If you or a family member have been diagnosed with dementia, you may benefit from a Lasting Power of Attorney (LPA). Nominating an LPA to handle your affairs before you are unable to make decisions for yourself can ensure that should you lose mental capacity, the person of your choosing will manage your affairs.
What exactly is dementia? It’s a broad term that covers a variety of progressive disorders that affect the brain. While there are hundreds of subtypes, some of the more common include dementia with Lewy bodies, vascular dementia and Alzheimer’s disease.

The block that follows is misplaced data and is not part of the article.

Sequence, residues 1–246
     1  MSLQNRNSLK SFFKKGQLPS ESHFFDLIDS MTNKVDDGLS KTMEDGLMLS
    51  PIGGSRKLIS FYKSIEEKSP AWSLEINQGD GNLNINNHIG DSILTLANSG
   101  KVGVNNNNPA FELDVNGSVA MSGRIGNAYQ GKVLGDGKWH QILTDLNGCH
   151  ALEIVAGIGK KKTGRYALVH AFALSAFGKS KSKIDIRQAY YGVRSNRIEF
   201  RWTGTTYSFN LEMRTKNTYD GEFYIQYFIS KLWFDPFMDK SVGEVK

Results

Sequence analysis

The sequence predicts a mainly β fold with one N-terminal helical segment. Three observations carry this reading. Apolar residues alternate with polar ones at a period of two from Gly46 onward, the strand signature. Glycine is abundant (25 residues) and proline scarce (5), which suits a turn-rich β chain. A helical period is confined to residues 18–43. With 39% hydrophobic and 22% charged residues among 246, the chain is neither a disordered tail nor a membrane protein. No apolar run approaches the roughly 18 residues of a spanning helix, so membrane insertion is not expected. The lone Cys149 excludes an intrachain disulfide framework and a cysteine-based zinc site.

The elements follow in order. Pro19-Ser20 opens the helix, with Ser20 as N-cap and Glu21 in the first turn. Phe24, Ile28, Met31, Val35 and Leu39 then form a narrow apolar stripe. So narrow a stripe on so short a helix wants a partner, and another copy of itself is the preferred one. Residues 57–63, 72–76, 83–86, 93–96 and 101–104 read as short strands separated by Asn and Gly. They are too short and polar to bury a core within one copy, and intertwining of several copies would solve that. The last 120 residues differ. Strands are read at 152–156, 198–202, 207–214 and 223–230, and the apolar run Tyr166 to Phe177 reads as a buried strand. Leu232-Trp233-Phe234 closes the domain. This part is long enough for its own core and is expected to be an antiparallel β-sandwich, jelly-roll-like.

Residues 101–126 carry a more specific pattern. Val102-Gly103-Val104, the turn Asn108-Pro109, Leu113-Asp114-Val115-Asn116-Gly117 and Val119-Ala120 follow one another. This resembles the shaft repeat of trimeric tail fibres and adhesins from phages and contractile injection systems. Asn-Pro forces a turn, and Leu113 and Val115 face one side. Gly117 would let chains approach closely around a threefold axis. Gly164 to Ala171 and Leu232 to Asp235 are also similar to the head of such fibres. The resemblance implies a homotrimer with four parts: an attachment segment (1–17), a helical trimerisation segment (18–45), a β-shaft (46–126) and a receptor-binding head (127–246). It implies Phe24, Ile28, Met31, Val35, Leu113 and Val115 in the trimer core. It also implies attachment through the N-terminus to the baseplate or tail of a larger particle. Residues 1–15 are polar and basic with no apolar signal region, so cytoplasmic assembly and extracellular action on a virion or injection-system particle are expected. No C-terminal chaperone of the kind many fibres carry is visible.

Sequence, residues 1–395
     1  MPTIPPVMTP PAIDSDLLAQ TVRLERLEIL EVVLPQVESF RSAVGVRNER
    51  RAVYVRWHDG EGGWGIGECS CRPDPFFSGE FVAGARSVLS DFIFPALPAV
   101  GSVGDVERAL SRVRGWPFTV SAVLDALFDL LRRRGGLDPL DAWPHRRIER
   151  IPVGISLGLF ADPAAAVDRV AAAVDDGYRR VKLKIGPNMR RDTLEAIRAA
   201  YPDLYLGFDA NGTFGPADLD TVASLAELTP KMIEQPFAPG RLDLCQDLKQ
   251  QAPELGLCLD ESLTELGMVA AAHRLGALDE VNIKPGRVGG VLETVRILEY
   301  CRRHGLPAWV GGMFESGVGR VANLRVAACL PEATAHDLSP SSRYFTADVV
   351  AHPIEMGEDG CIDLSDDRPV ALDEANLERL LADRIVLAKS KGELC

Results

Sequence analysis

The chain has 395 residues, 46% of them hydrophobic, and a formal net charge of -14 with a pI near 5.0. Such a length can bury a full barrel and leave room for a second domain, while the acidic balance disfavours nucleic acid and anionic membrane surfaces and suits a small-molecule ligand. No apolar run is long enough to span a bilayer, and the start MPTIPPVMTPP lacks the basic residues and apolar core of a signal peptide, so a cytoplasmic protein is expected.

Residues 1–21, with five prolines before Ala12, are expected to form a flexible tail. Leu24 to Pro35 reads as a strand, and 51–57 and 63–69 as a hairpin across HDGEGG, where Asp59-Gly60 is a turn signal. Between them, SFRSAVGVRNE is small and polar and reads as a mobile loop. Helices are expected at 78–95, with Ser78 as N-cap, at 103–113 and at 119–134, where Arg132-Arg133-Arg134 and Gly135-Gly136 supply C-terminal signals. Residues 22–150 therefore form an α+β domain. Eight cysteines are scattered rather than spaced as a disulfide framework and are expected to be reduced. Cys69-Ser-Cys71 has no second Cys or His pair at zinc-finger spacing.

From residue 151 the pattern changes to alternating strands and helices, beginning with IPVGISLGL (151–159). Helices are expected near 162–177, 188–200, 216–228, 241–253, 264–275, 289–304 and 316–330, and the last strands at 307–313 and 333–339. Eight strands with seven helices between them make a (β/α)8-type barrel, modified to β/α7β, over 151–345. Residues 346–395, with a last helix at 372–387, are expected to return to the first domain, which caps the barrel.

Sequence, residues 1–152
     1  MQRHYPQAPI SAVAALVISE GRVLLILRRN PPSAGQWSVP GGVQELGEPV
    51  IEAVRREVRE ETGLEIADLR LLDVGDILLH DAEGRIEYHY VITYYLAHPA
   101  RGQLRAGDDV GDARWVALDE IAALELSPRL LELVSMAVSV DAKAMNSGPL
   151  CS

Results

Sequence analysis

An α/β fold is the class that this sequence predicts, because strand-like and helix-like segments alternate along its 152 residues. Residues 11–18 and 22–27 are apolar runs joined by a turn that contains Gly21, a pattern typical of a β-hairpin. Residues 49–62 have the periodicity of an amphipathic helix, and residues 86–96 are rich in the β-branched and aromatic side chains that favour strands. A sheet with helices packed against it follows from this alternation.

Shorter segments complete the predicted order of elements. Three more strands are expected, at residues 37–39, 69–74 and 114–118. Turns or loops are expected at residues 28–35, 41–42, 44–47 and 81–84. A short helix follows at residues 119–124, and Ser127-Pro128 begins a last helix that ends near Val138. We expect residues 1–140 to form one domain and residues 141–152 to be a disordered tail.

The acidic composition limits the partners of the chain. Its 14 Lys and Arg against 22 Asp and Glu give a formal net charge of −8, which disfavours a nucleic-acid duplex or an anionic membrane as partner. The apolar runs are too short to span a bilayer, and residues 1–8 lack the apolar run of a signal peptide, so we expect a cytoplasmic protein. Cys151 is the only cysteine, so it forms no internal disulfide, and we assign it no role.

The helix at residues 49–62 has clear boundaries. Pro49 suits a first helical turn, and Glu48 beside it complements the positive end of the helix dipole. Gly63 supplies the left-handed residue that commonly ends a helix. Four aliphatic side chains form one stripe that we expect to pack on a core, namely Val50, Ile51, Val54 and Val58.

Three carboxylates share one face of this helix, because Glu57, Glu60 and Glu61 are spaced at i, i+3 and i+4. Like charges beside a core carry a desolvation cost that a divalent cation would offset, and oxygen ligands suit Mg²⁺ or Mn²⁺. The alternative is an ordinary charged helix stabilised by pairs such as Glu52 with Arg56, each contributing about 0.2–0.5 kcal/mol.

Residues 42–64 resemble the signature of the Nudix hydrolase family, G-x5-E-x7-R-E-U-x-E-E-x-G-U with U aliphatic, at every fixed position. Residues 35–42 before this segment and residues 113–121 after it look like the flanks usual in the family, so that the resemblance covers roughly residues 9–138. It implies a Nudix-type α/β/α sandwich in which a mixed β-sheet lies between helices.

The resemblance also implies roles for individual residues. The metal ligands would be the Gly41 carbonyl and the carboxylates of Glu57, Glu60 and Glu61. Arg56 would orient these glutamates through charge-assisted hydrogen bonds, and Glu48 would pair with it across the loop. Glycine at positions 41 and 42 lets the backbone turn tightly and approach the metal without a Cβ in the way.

The human brain comprises nerve cells that communicate with one another via messages. Dementia causes the nerve cells to be damaged, stopping messages being sent to and from the brain correctly, preventing the human body from normal functions.
Progressive disorders such as dementia can diminish sufferers’ ability to make competent decisions and can result in a loss of mental capacity.
Lasting Powers of Attorney
Granting LPA status to a friend or family member before you are no longer capable of caring for yourself can be prudent, if you wish to decide what happens to you when you lose mental capacity. You can dictate who cares for you and how you’re cared for, and can also include a statement of specific wishes.
Without a nominated LPA in place, the courts will appoint someone to care for you and this may not be someone you would originally have desired to be handling your affairs.